RE: Bad execution plan after migrating to exadata ( 12c) from non-exadata (11g)

From: Mark W. Farnham <>
Date: Wed, 14 Aug 2019 11:38:32 -0400
Message-ID: <018001d552b6$5454b260$fcfe1720$>

JL reminded me of a key point I left out regarding zonemaps:

JL wrote: " the use or not of storage indexes is irrelevant to the optimizer, fiddling with offloading isn't going to do anything useful as far as changing execution plans is concerned."

This is different from zonemaps.

IF a good zonemap is present, then the optimizer can use it (unlike warmed up storage indexes that match your query that do not change the plan and only have the effect of making the plan you already have run both more efficiently in the storage cells AND push fewer blocks up.)

I have NOT had access to the lower half regarding zonemaps being more efficient in the storage cells, but they definitely push up only blocks possibly allowed by your predicates. Frits measured an early implementation and that implementation was *not* effective IN THE STORAGE CELLS the way storage indexes are. But they definitely deliver only blocks (or compression units) possibly containing your eligible predicate values UP from the storage cells. This could be important if the base table is very large and your storage cells therefore would do less work reading the blocks in the lower half. Your 2 gb actual case is likely read in a blink in the storage cells, which you can see in sqlmonitor or other ways of displaying actuals.

IF you have applied linear attribute clustering and reloaded to match your zonemap, this ends up being like a well clustered index from the view of the optimizer and runs like a very fortunate bloom filter between the storage and storage. Your mileage may vary, but this *may* be operationally useful in the elimination of one non-constraint supporting index path. One of the characteristics relevant to that "*may*" is whether or not the columns relevant to the zonemap are updated after they arrive. Another is whether newly loaded data arrives with useful clustering compared to your predicates of later queries.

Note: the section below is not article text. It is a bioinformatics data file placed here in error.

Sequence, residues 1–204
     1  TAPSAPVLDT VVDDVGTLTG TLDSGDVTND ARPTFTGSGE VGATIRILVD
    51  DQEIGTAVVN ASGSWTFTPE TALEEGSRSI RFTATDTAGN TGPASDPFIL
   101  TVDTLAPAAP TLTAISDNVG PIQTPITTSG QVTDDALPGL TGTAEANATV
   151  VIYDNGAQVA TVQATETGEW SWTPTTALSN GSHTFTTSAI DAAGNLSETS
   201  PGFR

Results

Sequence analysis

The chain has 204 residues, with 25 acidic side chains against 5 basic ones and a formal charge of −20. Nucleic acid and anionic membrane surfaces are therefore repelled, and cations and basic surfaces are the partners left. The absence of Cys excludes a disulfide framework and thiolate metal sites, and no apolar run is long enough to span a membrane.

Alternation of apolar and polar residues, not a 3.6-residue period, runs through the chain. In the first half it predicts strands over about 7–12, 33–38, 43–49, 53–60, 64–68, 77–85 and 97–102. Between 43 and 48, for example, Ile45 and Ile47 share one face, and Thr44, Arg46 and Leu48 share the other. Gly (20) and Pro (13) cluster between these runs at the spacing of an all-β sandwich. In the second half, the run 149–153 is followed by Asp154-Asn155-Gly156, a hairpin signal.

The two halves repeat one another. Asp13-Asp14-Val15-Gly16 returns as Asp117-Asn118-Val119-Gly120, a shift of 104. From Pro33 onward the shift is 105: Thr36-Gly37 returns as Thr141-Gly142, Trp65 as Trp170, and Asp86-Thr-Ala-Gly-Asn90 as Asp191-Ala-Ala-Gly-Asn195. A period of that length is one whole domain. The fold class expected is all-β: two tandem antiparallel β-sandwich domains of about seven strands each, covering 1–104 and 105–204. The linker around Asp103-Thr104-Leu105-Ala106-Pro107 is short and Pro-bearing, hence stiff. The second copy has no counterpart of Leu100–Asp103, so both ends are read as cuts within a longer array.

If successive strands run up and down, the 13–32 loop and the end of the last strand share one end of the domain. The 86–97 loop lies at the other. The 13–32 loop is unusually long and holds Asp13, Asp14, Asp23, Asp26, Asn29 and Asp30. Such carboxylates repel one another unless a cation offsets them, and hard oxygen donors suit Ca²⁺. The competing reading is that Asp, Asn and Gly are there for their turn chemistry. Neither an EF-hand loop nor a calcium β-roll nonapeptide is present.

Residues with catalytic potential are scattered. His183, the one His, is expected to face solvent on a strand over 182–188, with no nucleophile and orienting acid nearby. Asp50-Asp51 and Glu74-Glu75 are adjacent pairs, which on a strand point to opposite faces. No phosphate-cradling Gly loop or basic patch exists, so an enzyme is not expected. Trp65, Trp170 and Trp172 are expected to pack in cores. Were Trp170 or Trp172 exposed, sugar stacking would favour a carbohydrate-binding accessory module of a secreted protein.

If there are equals predicates of unique values, the zonemap will automatically be very good (even without reloading) for what I hope is the obvious reason.

If there are time of arrival columns that arrive in batches that are equals or range predicates in your queries, then very likely the zonemap will also be good in that case.

I don't believe any of what I have written here is contrary to what JL wrote, but it may be useful in the move to EXADATA at 12.2+ (or 12.1 with the patches that allow zonemaps to be updated efficiently, because 12.1 out of the box was badly broken always rebuilding the entire zonemap instead of just the blocks that had possibly changed. In 12.2+, unless you are committing single rows very frequently you are unlikely to notice any elapsed time overhead from the zonemap update.)

Finally, you really do need to consider whether you want to reproduce the old plan or use a new plan that takes advantage of EXADATA and how that may map in effort across all your queries.

good luck!


-----Original Message-----
From: [] On Behalf Of Jonathan Lewis
Sent: Wednesday, August 14, 2019 9:18 AM To: Oracle L
Subject: Re: Bad execution plan after migrating to exadata ( 12c) from non-exadata (11g)

> Unfortunately the cost of I/O to temp becomes highly visible on
> EXADATA when a hash join spills to disc, and the implied speed of
tablescan is only helpful if > you can push predicates down to storage and take advantage of storage indexes [Kunwar] so should i disable storage indexes in order to check if that rules out Exadata playing a part here or just disabling cell_offload_processing should be > enough to tell if problem is Exadata is specific or at 12c optimizer software level only.